While some aspects of Arthur Evans’ framework for the Minoan civilization have undergone modification, its main defining characteristics remain widely accepted. We should find the endurance of Evans’ theoretical framework surprising rather than comforting, not least because of the slim empirical and epistemological basis for its formation.
The study of maritime trade in Late Bronze Age Greece often focuses on the analysis of imported exotica, which are usually interpreted as luxury goods used by elites to express or entrench social difference. A contextual analysis of exotica from the 12th-century cemetery at Perati does not support the notion that imports from the Postpalatial Aegean fit such an interpretation.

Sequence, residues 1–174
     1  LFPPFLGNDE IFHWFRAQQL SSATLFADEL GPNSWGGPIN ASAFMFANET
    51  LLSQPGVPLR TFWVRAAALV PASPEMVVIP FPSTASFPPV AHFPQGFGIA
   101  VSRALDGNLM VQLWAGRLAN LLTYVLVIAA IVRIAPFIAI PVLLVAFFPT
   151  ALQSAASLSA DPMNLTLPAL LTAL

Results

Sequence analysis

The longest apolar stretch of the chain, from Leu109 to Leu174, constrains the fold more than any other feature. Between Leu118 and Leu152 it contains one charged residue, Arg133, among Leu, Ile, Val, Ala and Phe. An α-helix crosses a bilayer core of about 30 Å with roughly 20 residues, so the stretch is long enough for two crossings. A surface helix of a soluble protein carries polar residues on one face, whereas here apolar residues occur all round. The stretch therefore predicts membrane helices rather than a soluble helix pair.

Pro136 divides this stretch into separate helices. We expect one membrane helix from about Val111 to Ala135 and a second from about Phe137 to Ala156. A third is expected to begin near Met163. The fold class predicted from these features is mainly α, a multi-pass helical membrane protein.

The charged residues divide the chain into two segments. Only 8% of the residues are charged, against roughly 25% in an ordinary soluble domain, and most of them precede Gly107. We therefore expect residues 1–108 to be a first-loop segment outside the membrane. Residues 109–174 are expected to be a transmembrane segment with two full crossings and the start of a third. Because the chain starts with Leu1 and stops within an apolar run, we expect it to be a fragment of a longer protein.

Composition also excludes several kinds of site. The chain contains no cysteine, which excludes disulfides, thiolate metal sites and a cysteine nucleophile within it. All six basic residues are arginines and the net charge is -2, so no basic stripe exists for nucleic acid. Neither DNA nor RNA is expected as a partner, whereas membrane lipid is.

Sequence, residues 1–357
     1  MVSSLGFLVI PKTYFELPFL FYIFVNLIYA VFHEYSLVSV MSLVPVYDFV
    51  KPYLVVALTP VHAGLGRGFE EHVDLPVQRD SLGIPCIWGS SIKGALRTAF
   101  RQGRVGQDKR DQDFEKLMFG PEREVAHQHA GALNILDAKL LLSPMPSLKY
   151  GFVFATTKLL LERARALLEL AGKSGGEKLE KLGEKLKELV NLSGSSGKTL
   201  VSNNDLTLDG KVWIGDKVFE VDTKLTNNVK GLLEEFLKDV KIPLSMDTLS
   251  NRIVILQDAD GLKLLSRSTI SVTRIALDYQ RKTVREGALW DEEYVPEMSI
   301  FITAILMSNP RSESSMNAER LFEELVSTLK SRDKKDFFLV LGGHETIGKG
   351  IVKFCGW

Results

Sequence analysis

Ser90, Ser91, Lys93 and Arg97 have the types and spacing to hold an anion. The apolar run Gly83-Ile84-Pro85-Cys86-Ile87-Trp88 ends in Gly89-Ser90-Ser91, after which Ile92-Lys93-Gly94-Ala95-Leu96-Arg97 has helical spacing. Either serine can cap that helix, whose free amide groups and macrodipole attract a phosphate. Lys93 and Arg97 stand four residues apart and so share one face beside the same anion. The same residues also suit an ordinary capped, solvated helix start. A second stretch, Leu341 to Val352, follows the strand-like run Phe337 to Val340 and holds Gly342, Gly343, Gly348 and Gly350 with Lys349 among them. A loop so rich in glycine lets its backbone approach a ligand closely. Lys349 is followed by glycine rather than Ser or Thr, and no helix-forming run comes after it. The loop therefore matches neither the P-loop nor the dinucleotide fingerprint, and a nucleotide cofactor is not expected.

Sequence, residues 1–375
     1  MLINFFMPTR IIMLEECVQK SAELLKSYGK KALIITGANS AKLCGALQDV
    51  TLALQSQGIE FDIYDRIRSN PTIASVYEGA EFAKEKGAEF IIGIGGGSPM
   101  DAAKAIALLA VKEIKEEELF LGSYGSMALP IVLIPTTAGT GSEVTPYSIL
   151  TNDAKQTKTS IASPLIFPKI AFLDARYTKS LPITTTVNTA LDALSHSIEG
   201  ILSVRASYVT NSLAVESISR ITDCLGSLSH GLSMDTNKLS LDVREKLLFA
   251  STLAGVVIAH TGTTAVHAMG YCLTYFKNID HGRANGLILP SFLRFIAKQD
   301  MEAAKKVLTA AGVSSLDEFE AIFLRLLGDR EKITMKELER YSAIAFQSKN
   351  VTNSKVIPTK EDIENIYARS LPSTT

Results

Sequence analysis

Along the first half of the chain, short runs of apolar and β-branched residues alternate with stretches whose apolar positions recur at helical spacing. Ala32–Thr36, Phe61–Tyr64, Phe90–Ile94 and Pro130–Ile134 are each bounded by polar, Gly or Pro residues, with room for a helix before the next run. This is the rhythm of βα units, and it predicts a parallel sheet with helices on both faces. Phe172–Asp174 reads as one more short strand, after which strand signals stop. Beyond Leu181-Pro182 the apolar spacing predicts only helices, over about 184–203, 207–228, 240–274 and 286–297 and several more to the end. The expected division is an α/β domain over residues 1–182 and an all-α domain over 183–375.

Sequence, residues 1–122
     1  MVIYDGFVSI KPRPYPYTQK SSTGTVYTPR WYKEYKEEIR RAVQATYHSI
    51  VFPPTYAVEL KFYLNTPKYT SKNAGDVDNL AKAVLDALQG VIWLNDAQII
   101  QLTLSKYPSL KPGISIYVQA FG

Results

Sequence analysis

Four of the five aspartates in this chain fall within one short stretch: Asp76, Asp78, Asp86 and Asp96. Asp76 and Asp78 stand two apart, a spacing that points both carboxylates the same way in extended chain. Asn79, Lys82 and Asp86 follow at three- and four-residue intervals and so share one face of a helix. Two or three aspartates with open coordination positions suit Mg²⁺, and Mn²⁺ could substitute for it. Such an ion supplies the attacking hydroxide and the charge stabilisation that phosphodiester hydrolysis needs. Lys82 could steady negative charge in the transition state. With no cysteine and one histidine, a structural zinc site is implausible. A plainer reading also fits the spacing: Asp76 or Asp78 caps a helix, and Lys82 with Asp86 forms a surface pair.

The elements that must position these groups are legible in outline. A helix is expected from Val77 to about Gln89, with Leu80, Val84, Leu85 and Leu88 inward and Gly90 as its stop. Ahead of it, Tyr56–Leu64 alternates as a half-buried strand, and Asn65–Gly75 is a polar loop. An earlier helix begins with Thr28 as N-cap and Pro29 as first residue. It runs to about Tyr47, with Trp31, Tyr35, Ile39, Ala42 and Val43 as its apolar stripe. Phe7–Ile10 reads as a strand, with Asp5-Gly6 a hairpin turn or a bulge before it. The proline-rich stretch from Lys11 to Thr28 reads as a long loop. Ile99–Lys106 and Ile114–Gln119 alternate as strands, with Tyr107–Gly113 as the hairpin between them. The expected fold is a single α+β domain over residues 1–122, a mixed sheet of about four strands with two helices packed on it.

Through an analysis of the ninth- to eighth-century B.C.E. mortuary assemblages from the Queens’ Tombs of Nimrud’s Northwest Palace in Iraq, this article interprets dress elements and ensembles in terms of identity and ideology. The Queens’ Tombs offer the only in situ evidence for royal Neo-Assyrian female dress.
The Sacred Way connecting the city of Miletos to the sanctuary of Didyma has long been considered one of the best-documented examples of a processional road from the ancient world. Views of the road have become ossified around an orthodox reconstruction of the route, which is assumed to have remained relatively static from the Archaic to the Roman period.
This article presents the first publication and discussion of an unusual sarcophagus from Aphrodisias that depicts the birth of Dionysos and the infant’s arrival at Nysa. The sarcophagus is remarkable, despite its battered appearance, as mythological frieze sarcophagi represent less than 1% of the total production in Roman Asia Minor, where thus far this sarcophagus imagery is unparalleled.